Wednesday, May 21, 2008

My Cat Eats Cake

And chocolate. Contrary to the panicky statements made by my cat loving friends that it is "bad for them!". "It's bad for you too," I say, "stop being such a finger wagging hypocrite." I don't give him much, he doesn't want much anyway. But I give him some. It seems mean to sit there eating delicious chocolate, with him sniffing around clearly interested, and not offer it. He is my friend after all. If you were sitting there with your best friend on the couch in front of the heater on a winter's night, enjoying each other's company, snuggling even depending on how close you and this friend were, and then you brought out a yummy stash of the finest organic chocolate laced with orange essence (or peppermint, both favourites in this house) and began eating it with relish, would you not offer your friend some? Would you continue eating your chocolate despite the pleading looks and suggestive motions of your friend? I think not. It would be rude. Well I think cats, and all our animal companions (I refuse to call them pets, that is so demeaning) deserve to be treated with the same respect one would give to a cherished human. Away with the double standard, I say! Even calling them "animal companions" is a bit daft, considering that I am also an animal, and therefore Mat could legitimately call me his animal companion. But then Peter Singer's coining of the term "non-human", although factually impeccable, is a bit humanocentric, despite it's attempts not to be. And "fluffy friend", although kinda nice, always makes people laugh at me, which doesn't quite work either. I don't know that there is an easy way out of this. So bear all of this in mind when I use the term "animal companion", please.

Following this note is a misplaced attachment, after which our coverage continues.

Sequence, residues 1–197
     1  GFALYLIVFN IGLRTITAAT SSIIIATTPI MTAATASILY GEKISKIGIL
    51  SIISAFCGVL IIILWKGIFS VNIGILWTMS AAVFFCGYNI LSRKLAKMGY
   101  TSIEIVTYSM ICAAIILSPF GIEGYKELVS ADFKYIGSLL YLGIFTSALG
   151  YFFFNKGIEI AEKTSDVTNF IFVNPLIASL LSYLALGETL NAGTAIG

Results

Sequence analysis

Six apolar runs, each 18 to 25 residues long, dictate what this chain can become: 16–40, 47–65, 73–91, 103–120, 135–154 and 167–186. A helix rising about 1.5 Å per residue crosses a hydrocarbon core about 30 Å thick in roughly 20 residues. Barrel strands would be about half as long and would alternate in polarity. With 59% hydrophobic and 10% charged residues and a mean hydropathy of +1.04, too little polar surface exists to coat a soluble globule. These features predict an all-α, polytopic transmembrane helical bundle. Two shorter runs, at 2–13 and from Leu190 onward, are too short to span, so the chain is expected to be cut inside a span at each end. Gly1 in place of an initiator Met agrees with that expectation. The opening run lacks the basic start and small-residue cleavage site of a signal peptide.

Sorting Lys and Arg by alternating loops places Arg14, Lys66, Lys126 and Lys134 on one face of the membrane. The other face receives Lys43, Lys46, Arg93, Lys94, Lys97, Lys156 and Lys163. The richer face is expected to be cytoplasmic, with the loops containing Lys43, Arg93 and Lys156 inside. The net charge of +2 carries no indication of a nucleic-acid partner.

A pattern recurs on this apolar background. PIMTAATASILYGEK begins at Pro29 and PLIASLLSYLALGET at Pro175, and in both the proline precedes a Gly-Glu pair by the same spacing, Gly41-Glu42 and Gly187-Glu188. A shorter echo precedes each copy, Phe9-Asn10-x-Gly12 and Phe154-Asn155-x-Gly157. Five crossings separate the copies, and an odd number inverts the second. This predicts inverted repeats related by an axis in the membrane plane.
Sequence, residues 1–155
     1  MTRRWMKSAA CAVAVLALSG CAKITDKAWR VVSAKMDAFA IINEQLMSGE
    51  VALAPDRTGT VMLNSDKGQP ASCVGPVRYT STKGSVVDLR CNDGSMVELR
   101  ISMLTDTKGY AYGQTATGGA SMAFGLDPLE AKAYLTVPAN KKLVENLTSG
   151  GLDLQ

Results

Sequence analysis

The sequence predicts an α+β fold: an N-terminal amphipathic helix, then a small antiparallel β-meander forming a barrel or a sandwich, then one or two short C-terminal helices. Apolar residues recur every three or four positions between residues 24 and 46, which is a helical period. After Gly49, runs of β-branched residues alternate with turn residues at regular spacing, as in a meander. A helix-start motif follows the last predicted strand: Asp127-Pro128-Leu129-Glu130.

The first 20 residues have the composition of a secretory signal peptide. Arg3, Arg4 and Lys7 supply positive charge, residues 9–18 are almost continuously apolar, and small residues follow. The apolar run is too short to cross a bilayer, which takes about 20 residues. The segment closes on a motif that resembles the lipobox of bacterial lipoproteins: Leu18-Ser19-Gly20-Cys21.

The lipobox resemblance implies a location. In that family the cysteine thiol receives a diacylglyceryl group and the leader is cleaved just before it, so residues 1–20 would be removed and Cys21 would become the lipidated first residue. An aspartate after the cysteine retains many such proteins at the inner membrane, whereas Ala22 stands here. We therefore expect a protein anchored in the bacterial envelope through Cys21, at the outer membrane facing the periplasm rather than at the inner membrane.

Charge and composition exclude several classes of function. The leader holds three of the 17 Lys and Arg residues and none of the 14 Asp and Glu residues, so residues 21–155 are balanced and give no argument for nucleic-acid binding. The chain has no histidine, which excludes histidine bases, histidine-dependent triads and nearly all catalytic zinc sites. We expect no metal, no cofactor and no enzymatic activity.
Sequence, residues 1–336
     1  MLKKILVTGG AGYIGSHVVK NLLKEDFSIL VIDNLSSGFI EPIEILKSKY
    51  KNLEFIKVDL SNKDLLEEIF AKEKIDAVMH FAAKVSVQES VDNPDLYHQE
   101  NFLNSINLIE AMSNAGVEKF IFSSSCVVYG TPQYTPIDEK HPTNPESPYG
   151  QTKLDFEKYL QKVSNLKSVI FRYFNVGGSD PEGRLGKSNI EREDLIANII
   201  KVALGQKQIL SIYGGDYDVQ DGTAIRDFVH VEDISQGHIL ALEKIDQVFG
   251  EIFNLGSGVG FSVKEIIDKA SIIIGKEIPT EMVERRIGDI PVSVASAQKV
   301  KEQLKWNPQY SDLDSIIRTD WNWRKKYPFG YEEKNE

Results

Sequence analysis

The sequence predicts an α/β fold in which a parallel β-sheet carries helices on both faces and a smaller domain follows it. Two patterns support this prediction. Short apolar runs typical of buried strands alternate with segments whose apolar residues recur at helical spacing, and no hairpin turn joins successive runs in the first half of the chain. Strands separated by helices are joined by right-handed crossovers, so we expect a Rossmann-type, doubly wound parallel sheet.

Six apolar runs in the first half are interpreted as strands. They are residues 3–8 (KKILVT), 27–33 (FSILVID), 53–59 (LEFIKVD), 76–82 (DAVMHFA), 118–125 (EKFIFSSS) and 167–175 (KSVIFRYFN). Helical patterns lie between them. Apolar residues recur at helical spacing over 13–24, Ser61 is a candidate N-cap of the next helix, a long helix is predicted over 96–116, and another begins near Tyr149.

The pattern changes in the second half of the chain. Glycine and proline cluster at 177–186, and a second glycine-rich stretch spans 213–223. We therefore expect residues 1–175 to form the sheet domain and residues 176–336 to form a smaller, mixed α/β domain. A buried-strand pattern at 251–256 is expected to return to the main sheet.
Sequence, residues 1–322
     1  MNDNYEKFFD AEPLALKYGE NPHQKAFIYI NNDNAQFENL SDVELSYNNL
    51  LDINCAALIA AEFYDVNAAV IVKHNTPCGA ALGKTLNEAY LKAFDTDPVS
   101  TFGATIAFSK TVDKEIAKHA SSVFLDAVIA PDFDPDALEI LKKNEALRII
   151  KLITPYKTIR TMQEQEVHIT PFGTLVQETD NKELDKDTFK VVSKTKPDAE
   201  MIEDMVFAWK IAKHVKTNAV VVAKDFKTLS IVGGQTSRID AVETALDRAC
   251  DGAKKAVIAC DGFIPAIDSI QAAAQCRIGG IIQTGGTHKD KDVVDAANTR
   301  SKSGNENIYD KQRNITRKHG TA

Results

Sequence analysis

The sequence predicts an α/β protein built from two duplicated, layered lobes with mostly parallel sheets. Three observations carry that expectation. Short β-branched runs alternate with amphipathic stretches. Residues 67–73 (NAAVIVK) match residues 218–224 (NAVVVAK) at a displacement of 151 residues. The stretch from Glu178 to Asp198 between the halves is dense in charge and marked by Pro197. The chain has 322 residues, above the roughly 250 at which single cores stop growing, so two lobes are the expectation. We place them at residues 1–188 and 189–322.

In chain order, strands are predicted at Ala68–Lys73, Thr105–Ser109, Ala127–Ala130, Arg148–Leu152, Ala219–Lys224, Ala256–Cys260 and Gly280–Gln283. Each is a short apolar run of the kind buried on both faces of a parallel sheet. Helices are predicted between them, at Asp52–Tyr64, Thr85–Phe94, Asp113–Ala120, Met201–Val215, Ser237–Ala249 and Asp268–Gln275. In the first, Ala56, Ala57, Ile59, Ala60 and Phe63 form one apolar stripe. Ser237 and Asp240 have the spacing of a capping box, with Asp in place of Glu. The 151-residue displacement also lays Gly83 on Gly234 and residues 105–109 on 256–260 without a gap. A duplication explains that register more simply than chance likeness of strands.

Anyway, back to the story of what my cat, Dr chops, eats. He eats chocolate, as I mentioned, but he also enjoys bits of cheese, and ham, and sliced turkey. Like all good food lovers he enjoys his deli goods. He also likes cream - he will tolerate milk if there is nothing else but only really the organic unhomogenised stuff, he won't touch regular milk. He likes KFC. When we are having an eggy fry up for breakfast he loves to have some runny egg yolk - I used to fry him up his own egg coz runny egg yolk is a favourite with everyone in this house. And tonight I discovered he likes coconut cake - a particularly yummy concoction I concocted up off the top of my head this afternoon (why it took me so long to combine the joys of coconut and vanilla I shall never know). He was licking the crumbs off the plate so I asked Mat to cut a thin slice for Dr Chops and crumble it for him. It's all gone now.